Kiyomizudera Temple

posted in: Japan Trip 2012 | 0

5:00am JST

Watching the sunrise over the mountains through my hotel window and rolling out the media from yesterday’s photo and video shoot onto disk to make way for more material today.

8:00am JST

Successful photo shoots always start by tanking up: fish, eggs, rice, vegetables, sausages, miso, orange juice, tea and natto! I wouldn’t mind the taste of natto if it didn’t look so awful and wasn’t so damned hard to maneuver about.

[ First-Time Travelers Tip: Natto is good for you, mix it with rice and wash it down with miso soup! ]

10:00am JST

Kiyomizudera Temple, within walking distance of my hotel, is a natural place to start the “First Time” touring. Although, Kiyomizudera is picturesque in the Fall when the leaves turn, it’s too early in the year to catch the Fall leaves this trip. The backpack is loaded up with camera gear, batteries are charged, memory cards are empty and we’re off!

[ First-Time Travelers Tip: Always make sure your batteries are charged and your equipment is prepped and tested BEFORE going out on a photo shoot! ]

11:00am JST

Wow, that was no leisurely 25 minute walk, and it was uphill the whole way. You know your journey to a shrine or temple has come to an end when you run the gauntlet of food and souvenir vendors. I’m a sucker for this kind of stuff and found some very nice fans with ryo, usagi, tora and uma motifs. Visiting a shrine or temple can have a festival atmosphere and nowadays can be a good place to take a date.

11:30am JST

Made my way to the pagoda and entrance to the temple. Before entering the temple I stand in line waiting to ritually cleanse myself of earthly evil before I enter the place of Buddha. Offered prayers (and some coin for the offering box) and joined the rest of humanity in enjoying the view of the grounds from the temple veranda. After enjoying the view, visitors can walk along an elevated path for a good view of the veranda and temple against a blanket of Fall leaves (even though its too early in the year for anything but some Japanese Maples to turn color).

The popular expression “to jump off the stage at Kiyomizu” is the Japanese equivalent of the English expression “to take the plunge” but decided to take photographs instead…

[ First-time Travelers Tip: Plan your photo shoots and vacations with specific seasons and events in mind, this proved critical in my visit to Sawara and failed me with Kiyomizudera! ]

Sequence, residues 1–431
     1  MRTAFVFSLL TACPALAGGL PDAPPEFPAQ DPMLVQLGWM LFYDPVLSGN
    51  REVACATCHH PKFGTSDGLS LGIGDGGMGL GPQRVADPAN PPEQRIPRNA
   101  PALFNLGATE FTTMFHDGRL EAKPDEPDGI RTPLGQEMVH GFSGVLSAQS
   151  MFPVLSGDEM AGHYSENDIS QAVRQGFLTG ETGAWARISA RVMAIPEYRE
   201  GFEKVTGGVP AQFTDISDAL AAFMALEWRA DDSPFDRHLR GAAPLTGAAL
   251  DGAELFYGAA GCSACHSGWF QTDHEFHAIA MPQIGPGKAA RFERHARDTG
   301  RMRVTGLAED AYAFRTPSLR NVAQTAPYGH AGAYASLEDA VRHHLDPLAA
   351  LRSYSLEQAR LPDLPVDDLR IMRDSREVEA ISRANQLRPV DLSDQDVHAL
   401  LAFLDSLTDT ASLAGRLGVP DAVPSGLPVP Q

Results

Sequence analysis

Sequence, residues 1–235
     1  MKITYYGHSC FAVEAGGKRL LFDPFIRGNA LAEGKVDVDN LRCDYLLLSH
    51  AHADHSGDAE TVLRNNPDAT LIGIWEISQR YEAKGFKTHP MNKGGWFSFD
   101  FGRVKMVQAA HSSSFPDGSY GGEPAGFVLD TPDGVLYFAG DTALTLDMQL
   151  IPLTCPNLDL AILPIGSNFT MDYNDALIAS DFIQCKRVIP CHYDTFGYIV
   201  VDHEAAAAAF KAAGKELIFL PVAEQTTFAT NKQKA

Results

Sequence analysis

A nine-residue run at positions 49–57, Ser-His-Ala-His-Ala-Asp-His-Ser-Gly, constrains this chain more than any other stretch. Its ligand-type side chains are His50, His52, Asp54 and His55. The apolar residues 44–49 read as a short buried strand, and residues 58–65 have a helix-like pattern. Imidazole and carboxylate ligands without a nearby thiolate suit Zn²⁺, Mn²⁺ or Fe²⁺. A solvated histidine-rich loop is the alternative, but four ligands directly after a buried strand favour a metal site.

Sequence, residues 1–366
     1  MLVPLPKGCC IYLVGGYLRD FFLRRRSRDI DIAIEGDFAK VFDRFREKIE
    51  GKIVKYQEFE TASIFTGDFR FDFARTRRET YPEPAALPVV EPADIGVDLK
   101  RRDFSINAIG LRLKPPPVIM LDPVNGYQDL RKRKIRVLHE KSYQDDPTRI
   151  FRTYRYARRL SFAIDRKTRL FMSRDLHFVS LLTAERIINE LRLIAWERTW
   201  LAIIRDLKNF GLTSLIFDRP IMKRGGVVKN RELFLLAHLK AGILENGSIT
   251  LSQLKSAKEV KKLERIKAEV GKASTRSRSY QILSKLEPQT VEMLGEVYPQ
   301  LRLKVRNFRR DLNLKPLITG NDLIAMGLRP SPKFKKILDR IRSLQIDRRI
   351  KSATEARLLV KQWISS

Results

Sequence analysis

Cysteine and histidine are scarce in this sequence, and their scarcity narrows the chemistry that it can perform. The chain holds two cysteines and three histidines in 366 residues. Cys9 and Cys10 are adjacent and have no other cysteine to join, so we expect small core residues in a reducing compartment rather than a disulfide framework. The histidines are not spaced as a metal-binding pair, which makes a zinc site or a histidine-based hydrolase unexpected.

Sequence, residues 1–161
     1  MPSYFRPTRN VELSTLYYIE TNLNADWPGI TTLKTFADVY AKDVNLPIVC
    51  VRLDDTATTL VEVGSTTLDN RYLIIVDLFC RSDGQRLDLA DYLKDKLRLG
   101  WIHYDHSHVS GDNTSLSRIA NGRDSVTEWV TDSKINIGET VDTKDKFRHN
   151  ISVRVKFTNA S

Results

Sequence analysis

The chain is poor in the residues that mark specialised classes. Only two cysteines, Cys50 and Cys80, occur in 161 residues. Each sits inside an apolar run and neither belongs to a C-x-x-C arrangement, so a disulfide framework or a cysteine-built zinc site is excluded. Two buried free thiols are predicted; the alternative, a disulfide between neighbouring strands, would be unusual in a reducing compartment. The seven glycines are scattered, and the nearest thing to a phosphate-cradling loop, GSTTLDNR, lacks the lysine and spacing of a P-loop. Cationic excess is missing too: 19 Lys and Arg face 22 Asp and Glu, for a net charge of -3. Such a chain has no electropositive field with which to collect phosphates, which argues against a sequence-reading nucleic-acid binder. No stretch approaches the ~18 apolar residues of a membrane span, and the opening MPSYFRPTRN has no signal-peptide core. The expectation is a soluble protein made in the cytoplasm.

1:00pm JST

Although I brought both a DSLR and video camera, I’m focusing mostly on using the video camera, its light, portable and not very intrusive. Toured the temple grounds and got some good video footage of pagodas, natural surroundings, and the Otowa waterfall, where three channels of water fall into a pond for visitors to catch and have their wishes fulfilled.

1:30pm JST

Just had an amusing “conversation” with a women at the local area street map. We tried to understand each other but had difficulty getting passed the vocabulary and grammar of our respective languages. After struggling for a few minutes with the total lack of commonality in language, we laughed and said goodbye… one of the few words we did have in common.

The dancing bear might not be proficient but he’s damned amusing!

The neighborhood that surrounds Kiyomizudera has a few other temples and feels like a nice place to live, although not flossy. There are plenty of beautiful images to be made along the Komagawa and in the Higashiyama area of Kyoto. These hills are a killer, though, especially for the elderly which explains the parade of taxi’s running up and down Matsubara-dori. Kyoto is jam packed with taxis too, but that’s to be expected in a dense, metropolitan area with so many attractive cultural sites and tourists to photograph them.

5:30pm JST

Decided to wander about the neighborhood again. Found a take-out bento box place that also serves food by the pound, deli style. I ordered the egg on beef with rice, cheap and good! Also stopped at the nearby 7-Eleven for a Match and chocolate eclair. Tested the credit card, which did not work but the more preferable debit card did work. Using a card on the Visa network is probably the most convenient and cost-effective way of getting money overseas.

On the way back to the hotel I also found a “kippu” machine restaurant. I hope to have lunch here tomorrow…